Investors were excited this Tuesday by the announcement that Lockheed Martin had struck a deal to work with Ocean Power Technologies on a planned wave energy project in Victoria, Australia. OPT’s stock, which had been trading at $2.30 at Monday’s market close, immediately leaped and the ascent continued on Wednesday, when OPTT finally closed at $4.68.

It makes some sense when you think about it: Lockheed Martin is a giant, established company, so its involvement in the Victoria project could be seen as a sign that the project is moving forward and that OPT’s business in the fledgling wave industry can grow. Then again, we’ve kind of been here before.

An OPT wave energy converter (image via Lockheed Martin)

That’s right: On July 11, 2012, OPT put out a press release announcing a deal with Lockheed Martin under which the aerospace company would “assist with the design of Ocean Power Technologies’ (OPT) PowerBuoy technology, lead the production and system integration of the wave-energy converters and support overall program management” in Victoria. Here’s what we reported the next day:

The announcement sent OPT’s stock soaring. It had nearly doubled at one point during the trading day Wednesday before settling at $3.55, a 72 percent gain from its opening price of $2.08. Some 2.8 million OPT shares were traded, almost 100 times the stock’s average daily volume of 29,795.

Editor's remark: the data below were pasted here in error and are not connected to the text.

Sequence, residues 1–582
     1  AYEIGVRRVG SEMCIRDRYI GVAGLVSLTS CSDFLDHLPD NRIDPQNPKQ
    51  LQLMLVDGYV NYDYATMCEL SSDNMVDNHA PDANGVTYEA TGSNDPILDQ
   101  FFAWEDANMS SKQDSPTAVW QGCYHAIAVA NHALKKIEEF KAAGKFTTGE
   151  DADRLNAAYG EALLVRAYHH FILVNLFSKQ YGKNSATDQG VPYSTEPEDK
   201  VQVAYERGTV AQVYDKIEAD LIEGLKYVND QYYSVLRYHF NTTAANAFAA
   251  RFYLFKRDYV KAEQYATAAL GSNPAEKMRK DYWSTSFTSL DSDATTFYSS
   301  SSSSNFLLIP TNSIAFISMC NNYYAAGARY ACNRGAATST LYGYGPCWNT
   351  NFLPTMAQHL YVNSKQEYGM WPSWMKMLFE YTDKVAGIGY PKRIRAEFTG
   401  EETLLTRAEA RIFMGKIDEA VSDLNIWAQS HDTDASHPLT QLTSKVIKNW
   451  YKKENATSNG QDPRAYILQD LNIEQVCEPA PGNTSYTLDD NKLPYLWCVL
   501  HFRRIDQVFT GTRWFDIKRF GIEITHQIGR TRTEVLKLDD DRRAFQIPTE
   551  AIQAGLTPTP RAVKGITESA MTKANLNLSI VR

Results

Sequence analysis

And if that doesn’t have you spiraling into déjà vu, check out the quotes from Lockheed execs with each announcement.

2012: “Lockheed Martin is applying its expertise to commercialize promising, emerging alternative energy technologies,” said Dan Heller, vice president of new ventures for Lockheed Martin’s Mission Systems & Sensors business. “We see great potential in harnessing the vast power of the ocean. By working with OPT and Australian industry on this project, we will advance wave energy in Australia and globally.”

2014: “We are applying our design and system integration expertise to commercialize promising, emerging alternative energy technologies, including ocean power,” said Tim Fuhr, director of ocean energy for Lockheed Martin’s Mission Systems and Training business. “This project extends our established relationship with OPT and Australian industry and enables us to demonstrate a clean, efficient energy source for Australia and the world.”

By the way, in 2011, OPT and Lockheed Martin announced they would collaborate on OPT’s Reedsport, Ore., project. Originally pegged to be deployed in 2009, an initial test buoy seemed on the precipice of going in the water in September 2012, but it never quite happened for a variety of reasons. In its most recent quarterly reporting, OPT said the project “has been suspended pending resolution of regulatory, financial and other matters.”

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